Anyway, after getting suspended for fighting (I can identify with the dogs Michael Vick had, I was that glazed and crazed), I still had to take my classes. The teachers came to my home. They were in shock. They were expecting a thug. I mean, how often does an honors student get suspended? They found a bright young kid eager to learn. My dad cooked up steaks for the professors and me, and I devoured the material. I learned about “The Iliad,” which is still my favorite book to this day. I got to stay up late and discovered the joy of David Letterman, who I still watch 17 years later. I even did my homework, which I never did in school.

My closest friends stuck by me, and tried to convince the principal to reinstate me. I am still friends with those guys today. The only problem was I did not want to go back. Nevertheless, when I returned, nobody messed with me anymore. Some kids even said, “that guy’s crazy, just leave him alone. He might kill you.” Is this what it takes for a powerless person to get power? Why should it get to that point? Can’t principals or teachers do something?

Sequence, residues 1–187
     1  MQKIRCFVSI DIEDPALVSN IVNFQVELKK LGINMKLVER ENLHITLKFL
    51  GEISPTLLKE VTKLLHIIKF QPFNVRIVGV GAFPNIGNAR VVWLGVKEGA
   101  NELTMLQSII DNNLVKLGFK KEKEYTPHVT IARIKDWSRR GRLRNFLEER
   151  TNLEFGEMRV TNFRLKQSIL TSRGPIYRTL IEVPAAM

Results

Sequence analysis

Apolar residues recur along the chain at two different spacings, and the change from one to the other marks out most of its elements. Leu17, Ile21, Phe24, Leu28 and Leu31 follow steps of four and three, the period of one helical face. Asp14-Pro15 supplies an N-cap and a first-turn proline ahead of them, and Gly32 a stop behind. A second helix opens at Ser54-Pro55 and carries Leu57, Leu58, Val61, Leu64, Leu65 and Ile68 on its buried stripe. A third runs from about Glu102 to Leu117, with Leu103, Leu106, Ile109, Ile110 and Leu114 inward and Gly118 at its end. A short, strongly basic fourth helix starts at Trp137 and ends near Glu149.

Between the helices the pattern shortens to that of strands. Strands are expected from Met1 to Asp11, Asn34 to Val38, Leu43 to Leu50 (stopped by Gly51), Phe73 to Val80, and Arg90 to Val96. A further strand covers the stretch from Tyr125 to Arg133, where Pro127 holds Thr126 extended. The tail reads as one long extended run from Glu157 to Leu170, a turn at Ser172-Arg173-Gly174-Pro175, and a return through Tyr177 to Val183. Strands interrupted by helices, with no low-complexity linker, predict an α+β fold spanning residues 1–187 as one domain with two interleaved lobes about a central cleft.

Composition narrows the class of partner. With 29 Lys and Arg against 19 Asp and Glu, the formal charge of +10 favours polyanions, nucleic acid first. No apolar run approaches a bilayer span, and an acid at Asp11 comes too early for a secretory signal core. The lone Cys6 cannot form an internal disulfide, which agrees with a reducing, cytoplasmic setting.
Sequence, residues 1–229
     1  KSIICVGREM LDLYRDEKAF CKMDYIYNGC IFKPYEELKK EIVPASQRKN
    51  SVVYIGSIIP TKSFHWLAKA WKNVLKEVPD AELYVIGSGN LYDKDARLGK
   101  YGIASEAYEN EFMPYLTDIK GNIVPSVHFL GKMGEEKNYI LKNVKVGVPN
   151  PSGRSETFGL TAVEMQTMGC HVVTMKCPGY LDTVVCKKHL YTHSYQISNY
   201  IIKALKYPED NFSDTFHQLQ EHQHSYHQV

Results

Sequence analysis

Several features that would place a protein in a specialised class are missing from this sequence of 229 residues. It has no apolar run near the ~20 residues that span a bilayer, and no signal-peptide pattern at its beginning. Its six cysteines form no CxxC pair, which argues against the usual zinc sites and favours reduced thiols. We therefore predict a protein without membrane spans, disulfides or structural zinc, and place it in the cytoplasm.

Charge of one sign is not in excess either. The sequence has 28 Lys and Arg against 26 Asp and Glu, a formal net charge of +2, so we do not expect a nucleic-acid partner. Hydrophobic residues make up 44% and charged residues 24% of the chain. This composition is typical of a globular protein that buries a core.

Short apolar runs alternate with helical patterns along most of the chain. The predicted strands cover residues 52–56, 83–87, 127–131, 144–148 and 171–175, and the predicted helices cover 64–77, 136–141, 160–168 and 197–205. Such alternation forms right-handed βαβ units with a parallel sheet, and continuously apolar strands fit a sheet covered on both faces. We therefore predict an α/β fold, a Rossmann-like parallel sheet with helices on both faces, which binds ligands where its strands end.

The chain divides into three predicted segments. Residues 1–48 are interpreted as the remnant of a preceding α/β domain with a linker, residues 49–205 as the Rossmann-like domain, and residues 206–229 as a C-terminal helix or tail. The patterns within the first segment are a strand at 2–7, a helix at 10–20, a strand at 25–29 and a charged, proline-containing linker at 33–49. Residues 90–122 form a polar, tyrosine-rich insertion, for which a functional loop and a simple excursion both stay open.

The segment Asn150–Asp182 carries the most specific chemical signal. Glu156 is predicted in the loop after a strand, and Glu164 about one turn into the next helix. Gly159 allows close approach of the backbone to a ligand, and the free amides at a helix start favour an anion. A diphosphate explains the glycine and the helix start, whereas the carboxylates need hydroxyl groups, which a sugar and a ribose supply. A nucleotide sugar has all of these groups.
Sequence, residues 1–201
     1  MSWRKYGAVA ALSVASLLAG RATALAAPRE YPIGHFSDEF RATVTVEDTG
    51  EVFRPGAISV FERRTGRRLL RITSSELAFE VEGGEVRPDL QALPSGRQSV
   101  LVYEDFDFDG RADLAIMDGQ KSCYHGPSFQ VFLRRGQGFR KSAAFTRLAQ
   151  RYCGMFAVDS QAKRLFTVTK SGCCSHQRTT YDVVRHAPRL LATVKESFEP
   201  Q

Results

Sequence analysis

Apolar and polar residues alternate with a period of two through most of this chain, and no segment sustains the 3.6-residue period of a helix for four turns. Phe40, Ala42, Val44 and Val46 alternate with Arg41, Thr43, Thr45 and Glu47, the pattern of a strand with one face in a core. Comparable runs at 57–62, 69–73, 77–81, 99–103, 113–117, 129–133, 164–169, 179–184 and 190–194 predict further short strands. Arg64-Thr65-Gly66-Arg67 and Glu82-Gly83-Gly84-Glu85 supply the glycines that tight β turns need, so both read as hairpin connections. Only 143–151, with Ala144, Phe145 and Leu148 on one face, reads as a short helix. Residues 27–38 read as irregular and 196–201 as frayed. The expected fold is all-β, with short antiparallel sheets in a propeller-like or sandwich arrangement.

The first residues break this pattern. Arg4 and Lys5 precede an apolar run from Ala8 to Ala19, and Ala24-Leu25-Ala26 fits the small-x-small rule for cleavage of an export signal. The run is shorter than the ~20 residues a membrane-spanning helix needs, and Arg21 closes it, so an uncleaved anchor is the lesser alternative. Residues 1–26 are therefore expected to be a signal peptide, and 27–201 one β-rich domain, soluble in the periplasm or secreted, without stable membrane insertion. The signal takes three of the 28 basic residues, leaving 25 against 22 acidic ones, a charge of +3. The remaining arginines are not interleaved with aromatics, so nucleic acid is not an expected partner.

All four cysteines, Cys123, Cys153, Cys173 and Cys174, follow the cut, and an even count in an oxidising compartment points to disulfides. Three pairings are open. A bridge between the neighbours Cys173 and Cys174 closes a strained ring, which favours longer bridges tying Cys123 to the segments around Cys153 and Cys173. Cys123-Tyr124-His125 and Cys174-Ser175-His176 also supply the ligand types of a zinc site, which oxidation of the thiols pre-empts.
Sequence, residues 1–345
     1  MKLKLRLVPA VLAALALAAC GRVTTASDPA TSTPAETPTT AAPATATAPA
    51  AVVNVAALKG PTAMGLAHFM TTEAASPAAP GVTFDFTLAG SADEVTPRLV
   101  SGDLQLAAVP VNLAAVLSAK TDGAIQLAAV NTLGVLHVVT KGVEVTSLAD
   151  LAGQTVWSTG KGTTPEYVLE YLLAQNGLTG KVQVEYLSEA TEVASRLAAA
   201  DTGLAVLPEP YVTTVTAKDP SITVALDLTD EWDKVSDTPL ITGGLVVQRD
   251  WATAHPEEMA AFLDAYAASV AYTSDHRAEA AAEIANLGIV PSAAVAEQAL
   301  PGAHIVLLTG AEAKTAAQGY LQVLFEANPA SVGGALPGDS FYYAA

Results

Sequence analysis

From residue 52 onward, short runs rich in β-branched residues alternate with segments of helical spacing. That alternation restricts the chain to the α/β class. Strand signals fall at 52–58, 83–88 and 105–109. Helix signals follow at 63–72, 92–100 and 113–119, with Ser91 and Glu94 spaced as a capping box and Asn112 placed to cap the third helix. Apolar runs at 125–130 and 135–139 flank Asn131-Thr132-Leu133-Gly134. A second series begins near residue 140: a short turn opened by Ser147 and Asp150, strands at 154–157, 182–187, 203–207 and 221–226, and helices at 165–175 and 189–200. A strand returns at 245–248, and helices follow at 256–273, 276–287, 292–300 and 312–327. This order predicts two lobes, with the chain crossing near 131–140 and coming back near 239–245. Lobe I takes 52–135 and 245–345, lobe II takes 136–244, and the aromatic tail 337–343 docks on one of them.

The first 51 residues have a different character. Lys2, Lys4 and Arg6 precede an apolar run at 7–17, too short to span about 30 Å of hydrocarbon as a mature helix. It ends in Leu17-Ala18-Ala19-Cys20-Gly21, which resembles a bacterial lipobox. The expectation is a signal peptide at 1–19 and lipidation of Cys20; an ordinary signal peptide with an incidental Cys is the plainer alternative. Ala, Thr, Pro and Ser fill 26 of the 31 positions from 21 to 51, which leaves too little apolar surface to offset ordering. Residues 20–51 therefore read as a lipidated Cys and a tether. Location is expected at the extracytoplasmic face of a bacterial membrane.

No. They can’t. I did what I had to do to survive.

My father once apologized for my experience. He told me that if he had known how awful my school days were, he would have home schooled me. I do not blame my parents. They honestly did not know. Why did I not tell them? I don’t know. Some blame parents for missing signs, but I was secretive. There was no way they could have known. My friends knew, and we were all in it together. Our friendship got us through the tough times.

My desire to eliminate the public schools is not based on vengeance. It is based on saving the lives of future children from a personal hell that dwarfs anything I had to deal with.